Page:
Director Mark Epstein examines the cross-pollination between the artist and his surroundings.
Gotham provides surprisingly apt dividing lines for “LennonNYC,” as the city’s evolving urban stage dovetails with key turning points in director Mark Epstein’s chosen slice of John Lennon’s all-too-short life. Beginning with Lennon and Yoko Ono’s arrival in the city in August 1971 and ending, inevitably, at the Dakota, Epstein examines the cross-pollination between the artist and his surroundings, fashioning consistently coherent narrative flow set to extraordinary music. Celebratory docu is skedded for a free screening in Central Park on Oct. 9 (which would have been Lennon’s 70th birthday) before its Nov. 22 “American Masters” airdate on PBS.
Blessedly free of facile time-spanning montages, “LennonNYC” presents a straightforward, chronological account of John’s excellent New York adventure, bolstered by candid, oncamera reminiscences by Lennon himself and testimony from record producers, sound engineers, awestruck DJs and, of course, Ono. If the film necessarily lacks the shock effect of the reels of hitherto-unseen material in the recent Doors docu “When You’re Strange,” Epstein and editors Ed Barteski and Deborah Peretz skillfully recontextualize vaguely familiar images into a fresh-seeming throughline.
Furthermore, “LennonNYC” starts big with archival finds of its own: audio excerpts of Lennon slating takes, dabbling in decibel levels and making casual off-mic comments in unedited sessions sampled throughout the course of the film. The audio outtakes are explicated by Ono, posed against a mixing console, and by members of the group Elephant’s Memory, a gifted local backup band that John gravitated toward in Gotham. These intermittent sound blocks also help signal the docu’s different biographical periods.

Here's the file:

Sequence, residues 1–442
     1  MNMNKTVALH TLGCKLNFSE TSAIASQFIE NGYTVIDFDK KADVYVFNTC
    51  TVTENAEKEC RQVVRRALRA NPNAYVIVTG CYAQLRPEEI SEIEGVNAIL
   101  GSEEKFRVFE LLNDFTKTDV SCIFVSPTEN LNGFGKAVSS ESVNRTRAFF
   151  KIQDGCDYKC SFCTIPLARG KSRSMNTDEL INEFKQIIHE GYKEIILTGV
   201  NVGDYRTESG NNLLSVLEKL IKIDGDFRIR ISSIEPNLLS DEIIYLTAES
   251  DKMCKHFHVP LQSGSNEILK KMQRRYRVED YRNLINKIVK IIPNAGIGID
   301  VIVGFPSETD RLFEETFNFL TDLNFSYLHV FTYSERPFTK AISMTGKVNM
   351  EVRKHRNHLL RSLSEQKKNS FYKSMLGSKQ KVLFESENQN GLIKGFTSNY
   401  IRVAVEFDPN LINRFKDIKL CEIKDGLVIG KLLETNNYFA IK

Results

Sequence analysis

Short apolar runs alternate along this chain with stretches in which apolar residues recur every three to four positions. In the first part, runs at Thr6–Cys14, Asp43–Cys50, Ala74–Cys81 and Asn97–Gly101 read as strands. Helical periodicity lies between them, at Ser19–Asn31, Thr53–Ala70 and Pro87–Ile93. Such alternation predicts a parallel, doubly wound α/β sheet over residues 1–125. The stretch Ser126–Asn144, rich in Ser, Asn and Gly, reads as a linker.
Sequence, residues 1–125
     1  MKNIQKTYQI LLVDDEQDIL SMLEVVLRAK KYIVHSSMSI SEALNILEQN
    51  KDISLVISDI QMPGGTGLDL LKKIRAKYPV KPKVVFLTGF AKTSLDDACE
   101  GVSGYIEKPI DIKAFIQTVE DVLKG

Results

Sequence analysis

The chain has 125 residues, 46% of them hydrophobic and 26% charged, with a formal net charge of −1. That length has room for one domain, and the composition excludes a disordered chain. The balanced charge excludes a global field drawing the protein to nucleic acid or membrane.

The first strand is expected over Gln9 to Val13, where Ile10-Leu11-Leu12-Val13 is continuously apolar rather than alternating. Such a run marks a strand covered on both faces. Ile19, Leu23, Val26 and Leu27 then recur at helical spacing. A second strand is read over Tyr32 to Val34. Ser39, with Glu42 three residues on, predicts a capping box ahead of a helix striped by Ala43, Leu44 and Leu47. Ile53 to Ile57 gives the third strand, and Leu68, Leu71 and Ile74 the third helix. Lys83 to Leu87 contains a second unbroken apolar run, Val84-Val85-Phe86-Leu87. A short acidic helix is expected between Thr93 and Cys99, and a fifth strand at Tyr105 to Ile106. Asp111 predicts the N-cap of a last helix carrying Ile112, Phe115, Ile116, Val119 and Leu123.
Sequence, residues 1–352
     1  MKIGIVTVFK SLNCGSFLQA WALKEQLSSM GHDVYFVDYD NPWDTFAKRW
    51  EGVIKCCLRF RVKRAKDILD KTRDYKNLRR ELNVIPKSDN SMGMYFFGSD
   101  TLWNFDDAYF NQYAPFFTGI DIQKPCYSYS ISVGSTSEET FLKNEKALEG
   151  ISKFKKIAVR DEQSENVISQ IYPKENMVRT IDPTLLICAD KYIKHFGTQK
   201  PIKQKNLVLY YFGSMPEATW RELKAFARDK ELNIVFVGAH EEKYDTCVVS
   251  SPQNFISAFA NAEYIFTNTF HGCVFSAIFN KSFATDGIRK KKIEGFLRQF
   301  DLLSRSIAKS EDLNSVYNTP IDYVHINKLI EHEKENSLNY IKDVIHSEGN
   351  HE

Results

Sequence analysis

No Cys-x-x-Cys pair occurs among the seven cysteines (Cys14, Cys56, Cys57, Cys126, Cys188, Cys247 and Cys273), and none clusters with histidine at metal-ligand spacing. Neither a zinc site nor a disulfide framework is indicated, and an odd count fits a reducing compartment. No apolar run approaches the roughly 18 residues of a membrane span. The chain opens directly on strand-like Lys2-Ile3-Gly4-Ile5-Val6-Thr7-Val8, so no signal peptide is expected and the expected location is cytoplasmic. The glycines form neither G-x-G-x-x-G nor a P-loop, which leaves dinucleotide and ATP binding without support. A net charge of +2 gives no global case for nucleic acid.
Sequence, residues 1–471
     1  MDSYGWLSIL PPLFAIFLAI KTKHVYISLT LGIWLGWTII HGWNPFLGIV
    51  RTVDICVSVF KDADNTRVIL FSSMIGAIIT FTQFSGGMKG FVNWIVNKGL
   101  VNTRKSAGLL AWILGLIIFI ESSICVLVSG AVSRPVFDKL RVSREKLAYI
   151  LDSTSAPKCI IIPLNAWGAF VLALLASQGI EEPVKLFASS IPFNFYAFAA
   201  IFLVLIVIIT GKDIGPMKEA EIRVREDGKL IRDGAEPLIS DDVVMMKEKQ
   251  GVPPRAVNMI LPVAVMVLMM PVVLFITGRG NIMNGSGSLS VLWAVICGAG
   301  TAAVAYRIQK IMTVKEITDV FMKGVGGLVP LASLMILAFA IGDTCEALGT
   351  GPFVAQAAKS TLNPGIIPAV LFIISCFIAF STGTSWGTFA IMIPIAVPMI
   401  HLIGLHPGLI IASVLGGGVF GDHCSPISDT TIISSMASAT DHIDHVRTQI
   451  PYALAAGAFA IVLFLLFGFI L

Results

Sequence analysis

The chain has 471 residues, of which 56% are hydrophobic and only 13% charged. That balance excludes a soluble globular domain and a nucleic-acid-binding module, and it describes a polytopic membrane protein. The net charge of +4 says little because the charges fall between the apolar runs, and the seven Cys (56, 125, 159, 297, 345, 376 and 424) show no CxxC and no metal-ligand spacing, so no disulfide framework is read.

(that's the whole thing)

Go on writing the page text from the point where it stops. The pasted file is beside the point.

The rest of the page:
The “Greenwich Village” period is ushered in with footage capturing Lennon and Ono’s ebullience at their warm Big Apple welcome after their hostile, paparazzi-plagued scuffles in London. Epstein taps the memories of ’70s countercultural figures to recall Lennon and Ono’s small Bank Street apartment; their connections with the Village’s downtown art scene, from Warhol to Ginsberg; and their intersections with yippies such as Abbie Hoffman and Jerry Rubin (glimpsed in grainy 16mm). The Lennon/Ono embrace of left-wing causes resulted in tunes like “Attica State” and “Woman Is the Nigger of the World” (Dick Cavett confesses to unfounded trepidation over the latter’s network airing) and multiplied attendance at peacenik benefits and anti-Vietnam War rallies.
Per activist Tom Hayden, Lennon was perceived by government forces as a “Pied Piper” seducing newbie 18-year-old voters into radical liberalism. Photographed reams of declassified paperwork and newsreel clips of John’s multiple courtroom appearances convincingly attest to J. Edgar Hoover’s efforts to hound the couple and deport them. “LennonNYC” partly blames this harassment and Nixon’s ultimate 1972 re-election for Lennon’s meltdown, causing Ono to kick him out. Lennon’s 18-month “lost weekend” in Los Angeles yielded drunken celebrity binges, but also the nostalgic album “Rock ‘n’ Roll,” stormily produced with Phil Spector, before his eventual reunion with Ono and successful rehabilitation.
The film’s impressionistic rendering of Lennon’s death is a typically thoughtful touch in a specialized docu whose aesthetic and technical aspects consistently impress.